Book Image

The Deep Learning Workshop

By : Mirza Rahim Baig, Thomas V. Joseph, Nipun Sadvilkar, Mohan Kumar Silaparasetty, Anthony So
Book Image

The Deep Learning Workshop

By: Mirza Rahim Baig, Thomas V. Joseph, Nipun Sadvilkar, Mohan Kumar Silaparasetty, Anthony So

Overview of this book

Are you fascinated by how deep learning powers intelligent applications such as self-driving cars, virtual assistants, facial recognition devices, and chatbots to process data and solve complex problems? Whether you are familiar with machine learning or are new to this domain, The Deep Learning Workshop will make it easy for you to understand deep learning with the help of interesting examples and exercises throughout. The book starts by highlighting the relationship between deep learning, machine learning, and artificial intelligence and helps you get comfortable with the TensorFlow 2.0 programming structure using hands-on exercises. You’ll understand neural networks, the structure of a perceptron, and how to use TensorFlow to create and train models. The book will then let you explore the fundamentals of computer vision by performing image recognition exercises with convolutional neural networks (CNNs) using Keras. As you advance, you’ll be able to make your model more powerful by implementing text embedding and sequencing the data using popular deep learning solutions. Finally, you’ll get to grips with bidirectional recurrent neural networks (RNNs) and build generative adversarial networks (GANs) for image synthesis. By the end of this deep learning book, you’ll have learned the skills essential for building deep learning models with TensorFlow and Keras.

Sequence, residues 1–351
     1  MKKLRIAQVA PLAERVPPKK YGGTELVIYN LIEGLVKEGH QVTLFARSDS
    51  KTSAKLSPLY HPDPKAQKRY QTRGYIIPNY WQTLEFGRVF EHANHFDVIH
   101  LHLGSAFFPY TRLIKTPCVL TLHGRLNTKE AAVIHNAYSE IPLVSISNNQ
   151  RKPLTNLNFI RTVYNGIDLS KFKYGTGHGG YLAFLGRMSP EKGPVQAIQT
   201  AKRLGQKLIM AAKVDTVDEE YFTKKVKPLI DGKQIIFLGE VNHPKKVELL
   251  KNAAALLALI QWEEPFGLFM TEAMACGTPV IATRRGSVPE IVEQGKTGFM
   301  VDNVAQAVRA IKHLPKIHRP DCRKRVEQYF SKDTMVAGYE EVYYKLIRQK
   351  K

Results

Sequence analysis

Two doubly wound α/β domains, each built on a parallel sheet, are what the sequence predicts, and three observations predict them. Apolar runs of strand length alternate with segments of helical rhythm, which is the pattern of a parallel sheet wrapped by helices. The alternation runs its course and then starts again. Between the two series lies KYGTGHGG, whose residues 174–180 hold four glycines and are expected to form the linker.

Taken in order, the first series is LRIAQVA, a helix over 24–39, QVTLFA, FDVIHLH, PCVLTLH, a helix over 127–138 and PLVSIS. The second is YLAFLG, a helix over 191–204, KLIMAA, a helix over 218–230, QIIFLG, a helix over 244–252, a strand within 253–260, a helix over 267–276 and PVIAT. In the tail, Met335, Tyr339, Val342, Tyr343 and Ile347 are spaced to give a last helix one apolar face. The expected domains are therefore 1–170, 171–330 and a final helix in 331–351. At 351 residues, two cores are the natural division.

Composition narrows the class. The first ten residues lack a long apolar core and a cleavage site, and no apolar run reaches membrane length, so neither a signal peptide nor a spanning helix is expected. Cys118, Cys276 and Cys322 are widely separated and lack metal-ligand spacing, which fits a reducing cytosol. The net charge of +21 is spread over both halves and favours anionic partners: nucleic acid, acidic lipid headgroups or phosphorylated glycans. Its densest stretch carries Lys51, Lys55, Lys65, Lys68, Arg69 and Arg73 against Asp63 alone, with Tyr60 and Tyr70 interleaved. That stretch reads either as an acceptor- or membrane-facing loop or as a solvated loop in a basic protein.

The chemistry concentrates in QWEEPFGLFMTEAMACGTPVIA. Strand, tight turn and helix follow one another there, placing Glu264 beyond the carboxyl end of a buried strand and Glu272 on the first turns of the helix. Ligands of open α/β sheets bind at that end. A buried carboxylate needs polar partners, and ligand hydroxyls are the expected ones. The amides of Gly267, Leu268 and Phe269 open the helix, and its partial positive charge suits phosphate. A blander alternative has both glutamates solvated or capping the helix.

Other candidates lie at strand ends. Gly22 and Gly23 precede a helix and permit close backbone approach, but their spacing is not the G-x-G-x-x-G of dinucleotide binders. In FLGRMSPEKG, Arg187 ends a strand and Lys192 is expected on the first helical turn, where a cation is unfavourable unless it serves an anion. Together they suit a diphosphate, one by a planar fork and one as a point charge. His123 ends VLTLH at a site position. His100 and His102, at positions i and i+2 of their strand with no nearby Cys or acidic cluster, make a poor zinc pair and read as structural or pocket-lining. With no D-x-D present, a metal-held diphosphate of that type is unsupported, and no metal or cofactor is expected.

Table of Contents (9 chapters)
Preface

Fine-Tuning

In the previous section, we learned how to apply transfer learning and use pretrained models to make predictions on our own dataset. With this approach, we froze the entire network and trained only the last few layers that were responsible for making the predictions. The convolutional layers stay the same, so all the filters are set in advance and you are just reusing them.

But if the dataset you are using is very different from ImageNet, these pretrained filters may not be relevant. In this case, even using transfer learning will not help your model accurately predict the right outcomes. There is a solution for this, which is to only freeze a portion of the network and train the rest of the model rather than just the top layers, just like we do with transfer learning.

In the early layers of the networks, the filters tend to be quite generic. For instance, you may find filters that detect horizontal or vertical lines at that stage. The filters closer to the end of...